Decide How You’ll Construct It

The sky’s the limit here. And by sky, we mean your imagination and engineering and/or fabrication skills.

There are a lot of options for making your own silencer, but not all of them are equal in terms of safety, durability, and longevity. Some of the ones we’ve seen include:

  • Complete from scratch with homemade machining, metal fabricating, and designs
  • 3D printing your own or someone else’s design
  • Heading to the hardware store and buying pieces of PVC, etc
  • Retrofitting an actual oil or fuel filter
  • Purchasing a so-called “solvent trap”

A quick search online will provide you with multiple sites that have parts and kits for sale, as well as a bunch of information, tips, tricks, hints, do’s and don’ts, and more from people who have gone through this process already.

It’s highly recommended that you take a look at other people’s DIY suppressors, ask lots of questions, and use their experiences like a lighthouse to avoid the dangerous rocks that they hit before you. A few extra minutes of research can save hours of headaches.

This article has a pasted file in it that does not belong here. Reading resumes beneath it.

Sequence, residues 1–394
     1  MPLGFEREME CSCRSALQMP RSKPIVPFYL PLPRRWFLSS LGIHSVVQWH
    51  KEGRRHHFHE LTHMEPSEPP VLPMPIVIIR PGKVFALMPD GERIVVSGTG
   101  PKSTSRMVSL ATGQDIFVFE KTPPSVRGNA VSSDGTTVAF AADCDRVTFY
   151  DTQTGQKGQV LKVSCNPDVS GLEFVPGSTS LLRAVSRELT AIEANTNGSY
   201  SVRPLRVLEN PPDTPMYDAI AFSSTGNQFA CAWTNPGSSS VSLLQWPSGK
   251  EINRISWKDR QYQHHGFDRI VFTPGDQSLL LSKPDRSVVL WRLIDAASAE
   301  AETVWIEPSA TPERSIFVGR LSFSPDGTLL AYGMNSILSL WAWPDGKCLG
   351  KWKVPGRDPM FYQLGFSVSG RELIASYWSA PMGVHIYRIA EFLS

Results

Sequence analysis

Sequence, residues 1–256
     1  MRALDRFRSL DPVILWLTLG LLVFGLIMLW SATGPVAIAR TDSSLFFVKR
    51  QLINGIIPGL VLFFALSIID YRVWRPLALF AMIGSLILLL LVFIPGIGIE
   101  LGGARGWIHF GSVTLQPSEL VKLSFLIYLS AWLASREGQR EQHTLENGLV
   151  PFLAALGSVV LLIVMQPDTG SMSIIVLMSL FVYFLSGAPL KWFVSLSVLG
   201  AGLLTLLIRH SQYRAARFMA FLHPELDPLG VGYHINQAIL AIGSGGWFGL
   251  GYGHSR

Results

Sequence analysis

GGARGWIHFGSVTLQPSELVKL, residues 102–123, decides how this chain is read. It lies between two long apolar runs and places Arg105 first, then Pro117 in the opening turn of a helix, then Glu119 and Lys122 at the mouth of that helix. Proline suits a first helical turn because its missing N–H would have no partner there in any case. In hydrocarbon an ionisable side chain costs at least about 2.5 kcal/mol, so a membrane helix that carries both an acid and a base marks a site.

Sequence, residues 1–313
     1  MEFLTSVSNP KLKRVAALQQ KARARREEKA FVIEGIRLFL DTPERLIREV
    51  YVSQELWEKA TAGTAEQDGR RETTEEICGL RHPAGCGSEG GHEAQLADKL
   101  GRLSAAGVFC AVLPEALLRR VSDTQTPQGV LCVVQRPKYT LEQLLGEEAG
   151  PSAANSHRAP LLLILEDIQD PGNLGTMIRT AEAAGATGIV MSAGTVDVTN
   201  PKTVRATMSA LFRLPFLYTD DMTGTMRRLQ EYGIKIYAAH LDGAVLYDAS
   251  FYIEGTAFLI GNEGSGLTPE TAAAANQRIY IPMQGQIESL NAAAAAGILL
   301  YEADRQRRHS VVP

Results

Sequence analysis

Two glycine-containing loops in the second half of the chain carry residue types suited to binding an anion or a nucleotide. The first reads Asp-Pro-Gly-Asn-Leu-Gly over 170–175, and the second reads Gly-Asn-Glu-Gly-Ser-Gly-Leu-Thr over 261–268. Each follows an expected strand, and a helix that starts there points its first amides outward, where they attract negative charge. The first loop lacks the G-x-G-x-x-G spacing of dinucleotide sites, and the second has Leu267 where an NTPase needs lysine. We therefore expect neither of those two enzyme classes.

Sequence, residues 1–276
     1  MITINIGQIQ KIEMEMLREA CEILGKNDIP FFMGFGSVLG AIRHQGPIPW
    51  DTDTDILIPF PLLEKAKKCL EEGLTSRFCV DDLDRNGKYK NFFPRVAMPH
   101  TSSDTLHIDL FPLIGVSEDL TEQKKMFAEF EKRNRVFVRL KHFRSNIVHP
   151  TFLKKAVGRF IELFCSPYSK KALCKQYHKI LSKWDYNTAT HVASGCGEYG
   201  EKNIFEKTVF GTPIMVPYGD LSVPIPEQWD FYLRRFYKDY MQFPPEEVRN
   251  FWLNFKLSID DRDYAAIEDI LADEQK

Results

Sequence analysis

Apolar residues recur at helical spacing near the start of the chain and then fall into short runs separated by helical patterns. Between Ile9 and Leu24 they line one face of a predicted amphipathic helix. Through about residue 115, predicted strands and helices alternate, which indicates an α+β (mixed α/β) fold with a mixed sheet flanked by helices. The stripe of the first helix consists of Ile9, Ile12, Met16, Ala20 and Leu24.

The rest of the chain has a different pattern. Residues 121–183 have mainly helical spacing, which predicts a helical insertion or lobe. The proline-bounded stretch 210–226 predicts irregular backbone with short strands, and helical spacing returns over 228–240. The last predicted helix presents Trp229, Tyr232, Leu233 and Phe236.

Acquire the Necessary Components

What you’ll need to complete your DIY suppressor will vary depending on how you decide to make it. If you bought a pre-made kit, you’ll need those parts and any tools they recommend.

If you’re building it from scratch, you’ll need to assemble a list of all the parts and tools you think you’ll need and head to the store to pick them up. (And let’s be honest, if you’re like most of us, you’ll end up making multiple trips to the store. We always forget that one thing!)

Of course, the most important component for your build is an approved Form 1 from the ATF. Without that, the rest of your components are useless. Well, OK, maybe not useless, but certainly illegal if you start piecing things together.

Complete the Actual Build

As we’ve mentioned before, under no circumstances should you build your suppressor before you receive an approved Form 1 from the ATF. Once you have that piece of paper and tax stamp in your possession, then – and only then – can you start building your new silencer.